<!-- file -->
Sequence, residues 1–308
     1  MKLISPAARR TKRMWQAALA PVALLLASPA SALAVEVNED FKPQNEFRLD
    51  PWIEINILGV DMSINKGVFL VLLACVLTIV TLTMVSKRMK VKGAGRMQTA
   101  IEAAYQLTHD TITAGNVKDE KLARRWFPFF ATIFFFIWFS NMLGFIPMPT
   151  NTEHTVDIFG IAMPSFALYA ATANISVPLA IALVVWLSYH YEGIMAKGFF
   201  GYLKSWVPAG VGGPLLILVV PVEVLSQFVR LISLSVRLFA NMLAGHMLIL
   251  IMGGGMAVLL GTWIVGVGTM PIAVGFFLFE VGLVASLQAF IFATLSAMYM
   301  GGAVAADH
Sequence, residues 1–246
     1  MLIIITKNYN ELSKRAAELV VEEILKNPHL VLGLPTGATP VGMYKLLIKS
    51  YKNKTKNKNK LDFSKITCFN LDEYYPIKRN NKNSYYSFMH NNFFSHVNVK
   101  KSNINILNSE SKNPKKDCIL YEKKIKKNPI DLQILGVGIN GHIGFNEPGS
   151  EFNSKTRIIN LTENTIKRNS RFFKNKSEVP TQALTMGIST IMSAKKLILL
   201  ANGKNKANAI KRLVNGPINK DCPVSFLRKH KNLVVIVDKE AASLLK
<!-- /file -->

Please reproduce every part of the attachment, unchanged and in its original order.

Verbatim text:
Sequence, residues 1–308
     1  MKLISPAARR TKRMWQAALA PVALLLASPA SALAVEVNED FKPQNEFRLD
    51  PWIEINILGV DMSINKGVFL VLLACVLTIV TLTMVSKRMK VKGAGRMQTA
   101  IEAAYQLTHD TITAGNVKDE KLARRWFPFF ATIFFFIWFS NMLGFIPMPT
   151  NTEHTVDIFG IAMPSFALYA ATANISVPLA IALVVWLSYH YEGIMAKGFF
   201  GYLKSWVPAG VGGPLLILVV PVEVLSQFVR LISLSVRLFA NMLAGHMLIL
   251  IMGGGMAVLL GTWIVGVGTM PIAVGFFLFE VGLVASLQAF IFATLSAMYM
   301  GGAVAADH
Sequence, residues 1–246
     1  MLIIITKNYN ELSKRAAELV VEEILKNPHL VLGLPTGATP VGMYKLLIKS
    51  YKNKTKNKNK LDFSKITCFN LDEYYPIKRN NKNSYYSFMH NNFFSHVNVK
   101  KSNINILNSE SKNPKKDCIL YEKKIKKNPI DLQILGVGIN GHIGFNEPGS
   151  EFNSKTRIIN LTENTIKRNS RFFKNKSEVP TQALTMGIST IMSAKKLILL
   201  ANGKNKANAI KRLVNGPINK DCPVSFLRKH KNLVVIVDKE AASLLK